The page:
"I'm just one in millions that was cancelled," she said. "We were willing and happy to pay what we were paying under their previous plan. This is America and freedom is supposed to be freedom," she said. "We should be able to make our own choices."

Americans insured through their employer were told they had to take no action under the ACA, but self-employed families with policies were the first to be canceled and forced to explore new health plans.

About 14 percent of Michigan residents are uninsured of which 476,244 are ages 19-34 years old, a population that is often health and sometimes decide they don't need insurance.

The group of ladies said a health savings plan is the way to go. Dr. James O'Neil agrees.

O'Neil expressed his opinion over the ACA in a letter to The Clarkston News.

"As the battle rages on about healthcare let us not lose sight of the fact that we have the greatest healthcare system in the world. So, let's not destroy it over funding," he said.

O'Neil said he believes ACA is riddled with bureaucrats and start-up costs into the billions coupled with continued costs.

"One of the great barriers to affordable insurance is per-existing conditions and catastrophic illness due to waiting too long to be seen for fear of huge hospital bills," he said.

O'Neil said the answer to solve the healthcare dilemma is really pretty simple.

O'Neil's solution, he said, is to give mothers access to a $1,500 health savings plan to manage health care.

O'Neil suggested the savings plan be age weighted per year per family member and they will pick the best physicians, the best hospitals and will authorize essential procedures, labs, imaging and hospitals as needed.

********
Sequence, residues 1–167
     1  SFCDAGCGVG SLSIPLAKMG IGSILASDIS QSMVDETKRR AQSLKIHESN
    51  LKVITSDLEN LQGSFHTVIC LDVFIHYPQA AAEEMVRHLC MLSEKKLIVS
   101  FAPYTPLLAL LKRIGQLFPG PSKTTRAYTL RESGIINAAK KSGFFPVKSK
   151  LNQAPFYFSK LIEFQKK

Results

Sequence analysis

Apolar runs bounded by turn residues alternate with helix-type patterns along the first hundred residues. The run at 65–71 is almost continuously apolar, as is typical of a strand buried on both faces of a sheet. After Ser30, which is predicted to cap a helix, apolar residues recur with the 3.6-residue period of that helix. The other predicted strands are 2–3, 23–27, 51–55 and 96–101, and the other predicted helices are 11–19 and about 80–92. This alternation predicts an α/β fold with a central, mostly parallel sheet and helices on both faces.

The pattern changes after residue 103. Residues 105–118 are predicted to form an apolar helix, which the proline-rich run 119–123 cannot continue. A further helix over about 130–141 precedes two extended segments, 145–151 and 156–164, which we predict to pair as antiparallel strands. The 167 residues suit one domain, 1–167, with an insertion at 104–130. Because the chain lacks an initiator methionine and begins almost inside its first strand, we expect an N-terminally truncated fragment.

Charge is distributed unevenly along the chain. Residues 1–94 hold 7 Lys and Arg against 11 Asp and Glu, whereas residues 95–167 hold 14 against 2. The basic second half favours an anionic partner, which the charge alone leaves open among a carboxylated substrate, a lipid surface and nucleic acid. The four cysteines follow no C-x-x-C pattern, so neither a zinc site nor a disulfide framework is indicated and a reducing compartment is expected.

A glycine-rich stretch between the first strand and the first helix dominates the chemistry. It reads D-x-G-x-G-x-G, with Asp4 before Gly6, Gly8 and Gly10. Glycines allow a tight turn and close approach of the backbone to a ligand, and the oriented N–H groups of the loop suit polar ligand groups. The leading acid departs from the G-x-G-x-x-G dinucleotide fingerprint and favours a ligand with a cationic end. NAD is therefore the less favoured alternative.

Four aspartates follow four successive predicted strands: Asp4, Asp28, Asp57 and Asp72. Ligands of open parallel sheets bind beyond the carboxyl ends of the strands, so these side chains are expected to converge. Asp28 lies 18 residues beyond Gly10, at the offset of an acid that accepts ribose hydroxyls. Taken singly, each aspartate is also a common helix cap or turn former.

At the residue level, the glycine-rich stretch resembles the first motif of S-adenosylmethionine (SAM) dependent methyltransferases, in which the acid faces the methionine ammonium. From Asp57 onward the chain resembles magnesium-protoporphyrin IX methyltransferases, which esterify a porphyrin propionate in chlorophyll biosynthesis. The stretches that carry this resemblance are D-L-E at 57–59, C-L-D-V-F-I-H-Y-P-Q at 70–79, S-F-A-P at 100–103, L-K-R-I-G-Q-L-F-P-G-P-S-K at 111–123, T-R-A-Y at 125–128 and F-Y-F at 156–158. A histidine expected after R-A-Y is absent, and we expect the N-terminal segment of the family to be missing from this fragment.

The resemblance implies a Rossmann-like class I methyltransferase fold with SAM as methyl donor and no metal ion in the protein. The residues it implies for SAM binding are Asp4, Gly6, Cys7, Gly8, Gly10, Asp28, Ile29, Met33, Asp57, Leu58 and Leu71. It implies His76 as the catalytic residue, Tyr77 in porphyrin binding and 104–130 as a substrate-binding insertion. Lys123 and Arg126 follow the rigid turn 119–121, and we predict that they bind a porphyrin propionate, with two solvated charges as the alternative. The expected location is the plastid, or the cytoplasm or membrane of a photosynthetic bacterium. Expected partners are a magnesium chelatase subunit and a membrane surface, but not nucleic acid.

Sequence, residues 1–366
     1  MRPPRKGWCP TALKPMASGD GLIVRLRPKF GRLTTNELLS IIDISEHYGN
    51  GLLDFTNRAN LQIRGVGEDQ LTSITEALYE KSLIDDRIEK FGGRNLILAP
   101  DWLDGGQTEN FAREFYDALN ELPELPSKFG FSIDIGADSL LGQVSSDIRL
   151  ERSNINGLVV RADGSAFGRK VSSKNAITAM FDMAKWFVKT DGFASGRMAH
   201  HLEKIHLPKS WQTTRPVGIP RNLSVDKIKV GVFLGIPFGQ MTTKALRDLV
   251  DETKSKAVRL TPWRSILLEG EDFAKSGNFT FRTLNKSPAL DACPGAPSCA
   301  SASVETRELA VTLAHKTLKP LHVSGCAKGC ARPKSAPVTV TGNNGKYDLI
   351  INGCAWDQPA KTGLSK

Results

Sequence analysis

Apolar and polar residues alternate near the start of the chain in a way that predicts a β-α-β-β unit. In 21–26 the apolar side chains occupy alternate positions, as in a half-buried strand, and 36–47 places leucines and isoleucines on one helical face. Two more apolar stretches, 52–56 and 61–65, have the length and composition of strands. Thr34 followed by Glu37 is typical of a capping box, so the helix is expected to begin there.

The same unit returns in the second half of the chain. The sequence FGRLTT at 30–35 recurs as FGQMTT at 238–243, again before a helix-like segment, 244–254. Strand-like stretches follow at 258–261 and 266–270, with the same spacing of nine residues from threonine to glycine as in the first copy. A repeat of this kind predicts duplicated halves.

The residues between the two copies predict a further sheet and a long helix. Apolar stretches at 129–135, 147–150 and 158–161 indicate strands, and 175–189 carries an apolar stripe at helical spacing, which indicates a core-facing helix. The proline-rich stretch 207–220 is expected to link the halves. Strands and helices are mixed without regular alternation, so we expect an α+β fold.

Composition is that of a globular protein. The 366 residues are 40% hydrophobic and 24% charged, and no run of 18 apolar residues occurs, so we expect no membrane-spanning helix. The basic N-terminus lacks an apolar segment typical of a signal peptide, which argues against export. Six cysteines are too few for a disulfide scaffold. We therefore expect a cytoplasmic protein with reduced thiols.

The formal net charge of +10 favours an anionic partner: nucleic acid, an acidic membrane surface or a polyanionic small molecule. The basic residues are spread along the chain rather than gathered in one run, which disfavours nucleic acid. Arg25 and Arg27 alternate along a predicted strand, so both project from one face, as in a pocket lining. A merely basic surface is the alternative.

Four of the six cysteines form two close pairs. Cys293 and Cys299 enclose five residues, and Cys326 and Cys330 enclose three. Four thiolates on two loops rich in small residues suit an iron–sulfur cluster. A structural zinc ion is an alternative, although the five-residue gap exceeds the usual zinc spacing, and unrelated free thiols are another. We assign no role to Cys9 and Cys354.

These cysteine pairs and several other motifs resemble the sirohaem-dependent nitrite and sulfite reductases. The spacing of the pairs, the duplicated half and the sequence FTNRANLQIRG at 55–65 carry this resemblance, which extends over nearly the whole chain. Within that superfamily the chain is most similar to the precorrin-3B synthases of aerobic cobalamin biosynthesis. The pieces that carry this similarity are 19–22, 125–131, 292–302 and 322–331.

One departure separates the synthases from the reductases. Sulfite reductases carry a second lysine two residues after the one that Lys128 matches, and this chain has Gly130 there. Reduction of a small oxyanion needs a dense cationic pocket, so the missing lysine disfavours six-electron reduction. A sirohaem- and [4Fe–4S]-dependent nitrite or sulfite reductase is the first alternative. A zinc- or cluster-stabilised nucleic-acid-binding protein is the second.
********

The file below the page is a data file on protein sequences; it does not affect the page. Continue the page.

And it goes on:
Like O'Neil, Evans and the anonymous resident said a health care savings plan would be a better solution.

O'Neil added that any funds left over in each family members health savings account should be rolled over into a special account with a bottom interest bearing tax free to fund senior care partially or completely as patients get older.

"Transfer the power of medicine from the government, doctor and hospital to the patients. Power to the people," said O'Neil.

O'Neil said private health care insurance companies as well as state and federal governments need to tow the line with costs.

"We also need to collect from private health insurance companies, state or federal governments $5 to $6 per month, per citizen, and put it in a box with a bottom interest bearing account and pay all bills over $30,000.00 per year per person for everyone annually," said O'Neil.

By collecting the fee from those entities, O'Neil said it will help stave off bankruptcies for low income hospitals and individuals.

O'Neil said 20 to 30 percent of health care costs are related to medical malpractice.

The ACA marketplace and website www.healthcare.gov website officially opened to consumers on Oct. 1.

Part 2 on the ACA in next weeks Clarkston News

Staff writer covering Independence Township and Clarkston area.